We Are Here
John Muir Elementary 5th Grade Student Art Exhibition
In collaboration with Marita Dingus

Opening May 11th 6-9pm
On view until June 17th

The second installment of our 2019 Artist Series is a collaborative project, formed by our social practice as designers but seldom seen by the greater community.

For several years Prairie Underground has donated textile remnants, miscellaneous trims and industrial waste like paper tubes or pallet cartons to Public School Teachers as art supplies for their students. In the course of our career we’ve learned that our garments speak directly to arts educators and we feel fortunate to be in dialogue with them not only about our clothing but also our shared social missions.

When Julie Trout, Visual Arts Specialist at John Muir Elementary sent us photos of some of her students work using the byproducts of our manufacturing, it affected us tremendously. The act of aligning waste as a resource and transforming it through talent and imagination to speak directly to our human experience is its own work of art. The situational aesthetics of partnering with local designers to illuminate the art being made by 5th graders in Rainer Valley is engrossingly conceptual, political and deeply moving. Julie and Marita are creating art that moves us forward, while shaping the minds of the future. Their work suggests art making as a strategy for a sustainable future.

About the Collaboration:
For this collaboration, 5th grade students drew inspiration from both local sources and artists such as Jean Michel Basquiat and Yayoi Kusama. With some background of the harmful effects of fast fashion, students only worked with remnants and a variety of fabrics and textiles donated by Prairie Underground. Connecting with the shared dedication of equity and social justice, students used the textiles to respond to the work of Jean Michel Basquiat who used his art to address race and class in our society. The resulting work is how John Muir artists see themselves in this world. Amorphous shapes were inspired by Yayoi Kusama who imbued sculptural shapes with intricate pattern work in a time where female artists were not acknowledged or credited for their visionary work. Locally, the artist Marita Dingus worked with us to create a sculptural hand portraits focused on the idea of “self” being an individual in a system that is constantly trying to assimilate. The work of FEMAIL (Prairie Underground Artist Series, November 2017) also informed our projects with their beautiful, bold menagerie of movement and energy using recycled and repurposed textiles. For us, the thread both connects and isolates every shape the students include. This represents how the shapes and silhouettes both shine on their own merit and blend in as an integral part of the installation.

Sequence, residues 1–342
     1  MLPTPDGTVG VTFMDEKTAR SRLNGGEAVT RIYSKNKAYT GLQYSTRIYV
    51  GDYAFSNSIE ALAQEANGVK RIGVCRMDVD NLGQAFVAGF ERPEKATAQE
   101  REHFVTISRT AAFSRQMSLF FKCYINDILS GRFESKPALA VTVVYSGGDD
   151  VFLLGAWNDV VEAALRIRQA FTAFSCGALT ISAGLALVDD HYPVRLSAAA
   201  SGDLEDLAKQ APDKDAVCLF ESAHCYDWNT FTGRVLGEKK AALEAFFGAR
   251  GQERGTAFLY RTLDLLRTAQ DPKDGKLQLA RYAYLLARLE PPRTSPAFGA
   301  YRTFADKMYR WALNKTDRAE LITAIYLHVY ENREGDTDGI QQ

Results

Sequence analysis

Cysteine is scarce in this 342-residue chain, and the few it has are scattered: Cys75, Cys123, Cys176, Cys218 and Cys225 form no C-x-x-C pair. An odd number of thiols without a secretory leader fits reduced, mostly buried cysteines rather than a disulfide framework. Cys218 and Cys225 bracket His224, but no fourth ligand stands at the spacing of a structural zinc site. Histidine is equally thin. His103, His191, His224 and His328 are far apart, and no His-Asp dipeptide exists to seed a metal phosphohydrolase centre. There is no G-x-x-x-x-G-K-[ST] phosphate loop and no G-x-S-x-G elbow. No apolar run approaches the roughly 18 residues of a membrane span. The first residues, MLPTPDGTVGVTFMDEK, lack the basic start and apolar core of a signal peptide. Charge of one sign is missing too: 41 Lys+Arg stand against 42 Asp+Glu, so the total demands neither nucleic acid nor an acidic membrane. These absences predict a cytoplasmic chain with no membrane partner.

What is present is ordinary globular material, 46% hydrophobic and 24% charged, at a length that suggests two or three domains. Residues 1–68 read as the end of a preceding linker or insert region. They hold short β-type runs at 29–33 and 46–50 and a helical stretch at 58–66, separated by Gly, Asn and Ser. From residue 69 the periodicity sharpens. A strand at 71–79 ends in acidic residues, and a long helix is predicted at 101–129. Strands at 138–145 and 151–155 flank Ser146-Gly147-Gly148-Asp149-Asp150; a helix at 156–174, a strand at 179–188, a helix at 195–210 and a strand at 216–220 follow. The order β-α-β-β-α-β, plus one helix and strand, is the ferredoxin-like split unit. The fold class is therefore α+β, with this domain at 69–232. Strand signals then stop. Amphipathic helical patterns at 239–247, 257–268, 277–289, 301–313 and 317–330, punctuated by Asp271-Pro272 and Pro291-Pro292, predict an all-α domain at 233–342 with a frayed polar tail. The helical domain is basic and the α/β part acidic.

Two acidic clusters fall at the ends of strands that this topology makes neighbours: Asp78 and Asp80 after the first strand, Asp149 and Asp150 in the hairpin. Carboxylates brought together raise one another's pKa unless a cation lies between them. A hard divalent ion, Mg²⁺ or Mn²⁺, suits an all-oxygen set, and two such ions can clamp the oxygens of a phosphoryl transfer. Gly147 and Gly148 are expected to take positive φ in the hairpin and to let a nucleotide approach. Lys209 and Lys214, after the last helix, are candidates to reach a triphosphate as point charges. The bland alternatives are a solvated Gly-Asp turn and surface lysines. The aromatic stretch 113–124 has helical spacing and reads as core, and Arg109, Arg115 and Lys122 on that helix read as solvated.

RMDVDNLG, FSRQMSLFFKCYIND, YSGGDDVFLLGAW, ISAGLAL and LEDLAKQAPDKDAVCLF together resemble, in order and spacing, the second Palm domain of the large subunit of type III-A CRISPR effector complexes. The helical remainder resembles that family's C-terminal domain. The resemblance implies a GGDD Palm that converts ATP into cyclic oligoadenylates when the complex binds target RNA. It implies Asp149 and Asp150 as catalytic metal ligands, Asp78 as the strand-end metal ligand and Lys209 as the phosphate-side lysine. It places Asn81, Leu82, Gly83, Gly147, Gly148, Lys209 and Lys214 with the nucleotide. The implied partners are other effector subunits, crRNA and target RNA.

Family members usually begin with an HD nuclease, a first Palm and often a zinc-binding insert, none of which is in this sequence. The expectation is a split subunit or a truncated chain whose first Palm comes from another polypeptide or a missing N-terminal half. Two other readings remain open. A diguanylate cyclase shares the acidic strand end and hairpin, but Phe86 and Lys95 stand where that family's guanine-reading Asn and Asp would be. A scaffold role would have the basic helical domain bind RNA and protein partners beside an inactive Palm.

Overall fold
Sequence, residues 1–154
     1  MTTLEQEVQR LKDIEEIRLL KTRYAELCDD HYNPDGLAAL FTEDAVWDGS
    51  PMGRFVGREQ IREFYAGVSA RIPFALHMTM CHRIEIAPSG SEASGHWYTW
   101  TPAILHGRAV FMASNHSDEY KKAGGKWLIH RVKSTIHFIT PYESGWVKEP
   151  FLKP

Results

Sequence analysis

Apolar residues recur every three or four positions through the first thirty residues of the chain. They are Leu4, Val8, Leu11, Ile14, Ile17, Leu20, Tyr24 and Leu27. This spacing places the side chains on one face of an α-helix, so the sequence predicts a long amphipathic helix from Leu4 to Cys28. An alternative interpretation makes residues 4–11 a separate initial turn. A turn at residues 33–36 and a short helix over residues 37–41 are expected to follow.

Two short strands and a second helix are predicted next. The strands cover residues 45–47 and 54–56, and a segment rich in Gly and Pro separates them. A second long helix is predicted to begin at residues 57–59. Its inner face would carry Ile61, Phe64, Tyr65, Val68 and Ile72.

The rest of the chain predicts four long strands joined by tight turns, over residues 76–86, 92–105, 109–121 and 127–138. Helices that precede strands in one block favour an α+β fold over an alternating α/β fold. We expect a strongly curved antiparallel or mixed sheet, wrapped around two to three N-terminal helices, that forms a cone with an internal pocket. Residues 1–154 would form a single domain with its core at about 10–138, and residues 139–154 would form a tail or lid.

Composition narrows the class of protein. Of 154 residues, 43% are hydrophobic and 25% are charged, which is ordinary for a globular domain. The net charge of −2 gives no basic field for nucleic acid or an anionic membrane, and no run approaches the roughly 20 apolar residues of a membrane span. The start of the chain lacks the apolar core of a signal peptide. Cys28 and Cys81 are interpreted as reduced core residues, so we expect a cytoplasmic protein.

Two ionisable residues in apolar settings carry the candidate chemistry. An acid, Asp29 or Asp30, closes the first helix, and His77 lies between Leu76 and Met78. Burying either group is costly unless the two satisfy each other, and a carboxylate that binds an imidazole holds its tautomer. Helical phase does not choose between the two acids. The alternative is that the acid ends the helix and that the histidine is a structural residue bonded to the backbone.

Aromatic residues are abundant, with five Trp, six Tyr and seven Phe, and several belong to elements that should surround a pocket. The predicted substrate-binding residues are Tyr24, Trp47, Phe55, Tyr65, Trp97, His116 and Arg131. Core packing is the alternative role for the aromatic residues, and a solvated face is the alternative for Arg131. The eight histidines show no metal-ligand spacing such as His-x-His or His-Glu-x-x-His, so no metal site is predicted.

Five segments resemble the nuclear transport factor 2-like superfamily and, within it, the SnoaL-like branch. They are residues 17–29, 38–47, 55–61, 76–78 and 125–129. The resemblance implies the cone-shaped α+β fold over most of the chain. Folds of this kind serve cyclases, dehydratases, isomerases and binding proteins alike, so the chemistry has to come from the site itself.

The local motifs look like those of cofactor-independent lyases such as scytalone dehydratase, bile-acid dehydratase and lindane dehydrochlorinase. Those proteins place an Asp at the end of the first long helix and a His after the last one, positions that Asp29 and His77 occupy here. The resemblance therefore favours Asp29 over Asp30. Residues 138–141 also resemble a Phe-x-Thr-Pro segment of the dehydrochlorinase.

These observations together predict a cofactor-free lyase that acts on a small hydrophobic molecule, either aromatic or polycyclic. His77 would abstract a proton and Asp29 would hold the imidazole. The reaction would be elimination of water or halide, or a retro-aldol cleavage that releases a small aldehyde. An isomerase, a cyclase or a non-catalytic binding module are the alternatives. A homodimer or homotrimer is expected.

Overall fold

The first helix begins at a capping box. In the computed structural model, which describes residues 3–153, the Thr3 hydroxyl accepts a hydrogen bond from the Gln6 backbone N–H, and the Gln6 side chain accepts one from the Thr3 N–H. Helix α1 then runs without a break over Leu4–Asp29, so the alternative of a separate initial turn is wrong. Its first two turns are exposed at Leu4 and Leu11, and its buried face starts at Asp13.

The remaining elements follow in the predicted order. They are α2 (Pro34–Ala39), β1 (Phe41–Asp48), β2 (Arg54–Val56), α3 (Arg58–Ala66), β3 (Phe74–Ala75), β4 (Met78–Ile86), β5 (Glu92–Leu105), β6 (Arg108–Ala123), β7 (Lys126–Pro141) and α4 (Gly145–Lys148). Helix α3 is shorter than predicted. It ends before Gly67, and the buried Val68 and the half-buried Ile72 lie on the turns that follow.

– Julie Trout

About John Muir Elementary:
John Muir Elementary, part of Seattle Public Schools, is a culturally rich school located in the Rainer Valley. As a Title 1 school with limited resources, visual arts and our creative expressions act as a connector to address the inequities to create social change – internally and externally.

‘’To me, arts education is the ultimate practice of freedom and resistance…The natural process of creating any sort of art is to lean into the struggle…In our systems of institutional racism to experience a feeling of liberation in the artistic process is an empowering precursor living a more liberated life…If I am asking my youth artists and community to take risks and trust themselves, it is crucial that I am consistently practicing the same vulnerability while staying grounded and consistent in my expectations and rituals.‘’
– Julie Trout in conversation at Seattle Arts Museum, The 5th annual Creative Advantage Arts Partners Summer Institute

About Prairie Underground
Our Artist Series launched in 2015 as a non-commercial gallery and social practice focused on emerging artists, mostly in our region, to create space for art and dialogue in Georgetown. At times we’ve endeavored to display the purpose of our gallery as much as the work itself. It’s a manner of working that is also evident in our design practice and proposals.

An exhibition of one our customers is both intentional and misleading. This sub-curatorial approach brings into relief a dual interest in confirming and resisting biography. The use of artist biography for marketing and sequestering of identity is the focus our 2019 Artist Series. These exhibitions will enact personal bias and perform identities. They have been conceived to indulge the ambition of artists and project the personal histories of others as a form of self-portraiture.

Prairie Underground is femme-focused design house creating ethical and sustainable apparel since 2004. Our clothing is inspired by handmade clothing and uniforms that offer utility to self-expression.

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